KAJX

New Krabloonik Owners Aim for Kinder, Friendlier Era

Dec 17, 2014

The dogs at an embattled dog sledding operation have seen a lot of change in the last year. The owner of the Snowmass Village-based Krabloonik Fine Dining and Dogsledding was charged with animal cruelty in late 2013, and some dogs were seized. Others were adopted out. One constant has been new manager and now owner Danny Phillips and his wife Gina. Aspen Public Radio’s Elise Thatcher took a tour and filed this report.   Editor's note: At the bottom of this article you can hear our interview with Voices for the Krabloonik Dogs, a group that's helped improve conditions for the sled dogs.

  Danny Phillips heads down a set of wooden steps toward a flat, snowy area where the dogs are kept. “We’ll go into the main area of the kennel, and just kind of look around at the different styles and types of dogs." There’s more than two hundred dogs, all outside, and sitting on or near their own wooden doghouses on platforms. Each dog is tethered with a chain, and they seem generally content. Until we get closer, and the dogs start barking in excitement.

“So these are all yearling and two year old puppies that they haven’t run on a sled yet. So these guys will develop into what you see here, which is these great big guys,” explains Phillips. He points to older, calmer dogs on his right, some of whom are stretched out in their doghouses. There’s straw scattered inside and on the snow below.

“You can still see there is hound bloodlines in these dogs, they got the long legs, but they are a bigger dog," Phillips continues. "And our future that we want to portray is to get away from the hounds and get more into the traditional malamute sled dogs.”

The kind of dog breed was important in the investigation of animal cruelty before Phillips took over. The District Attorney’s office detailed reports of the hounds not being fed or sheltered properly. Phillips explains there’s a reason the previous owner, Dan MacEachen, bred them at Krabloonik.

“The breeding is based on the musher’s needs, so years ago, when Dan MacEachen  was running the Iditarod, the Iditarod, in an endurance racing, you use 16 dogs. And the smaller dog was a dog that didn’t get injuries, didn’t get sore muscles and things as these bigger dogs," says Phillips.  "For me, I’m doing tours, I’ll do some racing and things, but I want to portray the original, traditional husky, and you can can have a holistic approach to them, as far as feeding and care and massage.”

Phillips has been a musher, or sled dog caretaker and driver, for thirteen years. He actually started his career here at Krabloonik. Soon after, he left to train at other kennels, even running one with his wife, Gina. They prefer that more holistic approach of taking care of the dogs, which he learned from a Glenwood Springs outfit. The Phillipses returned to Krabloonik last November, just before dogs were seized and the charges came down against  MacEachen. Danny Phillips is hesitant to dwell much on that time, but describes it as a traditional kennel-- where the dogs were kept on the skinnier side. “I brought in a different approach how to training, where I trained all the dogs, or I cared for all the dogs as if they were running 100 miles a day, and that was a different style of training, care and feed, than the traditional mushers have had. Always done one meal a day. That’s it.”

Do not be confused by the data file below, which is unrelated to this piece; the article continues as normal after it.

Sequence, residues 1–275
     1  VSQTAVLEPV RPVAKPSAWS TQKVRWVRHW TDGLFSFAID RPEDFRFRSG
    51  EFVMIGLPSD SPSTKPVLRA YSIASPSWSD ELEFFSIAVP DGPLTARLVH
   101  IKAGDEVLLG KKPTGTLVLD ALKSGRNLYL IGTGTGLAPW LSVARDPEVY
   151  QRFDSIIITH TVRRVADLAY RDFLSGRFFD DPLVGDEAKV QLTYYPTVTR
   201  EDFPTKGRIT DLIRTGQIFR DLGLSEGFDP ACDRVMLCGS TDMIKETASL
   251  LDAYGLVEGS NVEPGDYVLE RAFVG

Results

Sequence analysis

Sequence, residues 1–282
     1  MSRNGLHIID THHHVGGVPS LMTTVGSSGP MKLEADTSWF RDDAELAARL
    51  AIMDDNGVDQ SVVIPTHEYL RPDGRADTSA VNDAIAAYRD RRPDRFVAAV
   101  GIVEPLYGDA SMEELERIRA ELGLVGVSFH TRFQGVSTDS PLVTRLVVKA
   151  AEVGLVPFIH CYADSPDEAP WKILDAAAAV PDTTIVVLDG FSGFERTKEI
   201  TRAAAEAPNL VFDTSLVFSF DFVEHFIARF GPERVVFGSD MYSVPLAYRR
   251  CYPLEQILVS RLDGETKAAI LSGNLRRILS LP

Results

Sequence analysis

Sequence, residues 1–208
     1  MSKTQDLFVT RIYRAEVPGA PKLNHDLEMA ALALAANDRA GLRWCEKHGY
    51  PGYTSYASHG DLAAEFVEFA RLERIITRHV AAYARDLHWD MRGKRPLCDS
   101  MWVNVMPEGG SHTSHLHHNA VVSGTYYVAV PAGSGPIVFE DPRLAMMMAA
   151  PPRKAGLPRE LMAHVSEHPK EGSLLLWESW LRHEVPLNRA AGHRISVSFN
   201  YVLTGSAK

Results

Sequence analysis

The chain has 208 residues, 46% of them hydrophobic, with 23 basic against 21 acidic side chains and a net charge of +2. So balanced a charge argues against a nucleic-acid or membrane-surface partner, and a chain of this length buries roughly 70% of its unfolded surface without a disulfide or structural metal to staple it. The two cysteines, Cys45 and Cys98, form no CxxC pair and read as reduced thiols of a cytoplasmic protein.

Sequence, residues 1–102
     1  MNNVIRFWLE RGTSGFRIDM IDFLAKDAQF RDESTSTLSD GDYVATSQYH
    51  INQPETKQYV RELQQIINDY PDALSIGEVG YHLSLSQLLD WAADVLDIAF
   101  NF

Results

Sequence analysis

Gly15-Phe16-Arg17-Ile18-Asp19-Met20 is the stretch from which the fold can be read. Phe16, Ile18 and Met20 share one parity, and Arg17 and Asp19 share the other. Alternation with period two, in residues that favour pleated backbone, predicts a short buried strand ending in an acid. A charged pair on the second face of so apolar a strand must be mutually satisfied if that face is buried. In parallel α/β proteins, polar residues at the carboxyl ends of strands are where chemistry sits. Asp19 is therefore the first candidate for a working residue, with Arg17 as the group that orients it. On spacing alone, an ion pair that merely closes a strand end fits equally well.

Now, Phillips carefully measures when and how much food and water the dogs receive. “At this time of day, I want to go through the kennel, and see every single dog has no water in it’s bowl. That’s always shocking, because what I do is I feed a thirty two ounces of a hot soup that has pure fat into it, and it’s hot, and it warms up the body from the inside. So  when I go through the kennel at say eleven o’clock in the morning, I hope to see every bucket empty and I know that every dog got thirty two ounces of hot soup into their system first thing in the morning.” 

Phillips and his wife say they want to get out the message there are changes to improve the wellbeing of the dogs at Krabloonik. They give spur of the moment tours, hired a film crew to be on site all season…and Phillips has even changed his name. He used to go by Dan, but now uses Danny, just to make sure he’s not confused with the previous owner. 

Before we move on to another part of the property, Phillips walks around and talks with the yearlings and the older dogs, exchanging kisses. Then, the dogs begin to howl. Phillips explains what's happening.

"So those dogs are now saying, if you notice where the howl started, they’re grateful, and they’re saying thank you for the quick pat that I just went through and gave them…. They appreciate that I’m there and checking on them, and they like to see the pats. They’re just like old friends, they really are."

Danny and Gina Phillips will go before Snowmass Town Council in January, with hopes to finalize their lease for the property.

An advocacy group has played a big role in changing what goes on at Krabloonik Fine Dining and Dogsledding. Voices for the Krabloonik Dogs was co-founded by Bill Fabrocini about seven years ago. APR’s Elise Thatcher sat down with Fabrocini to find out what he-- and the organization-- think of recent changes at Krabloonik.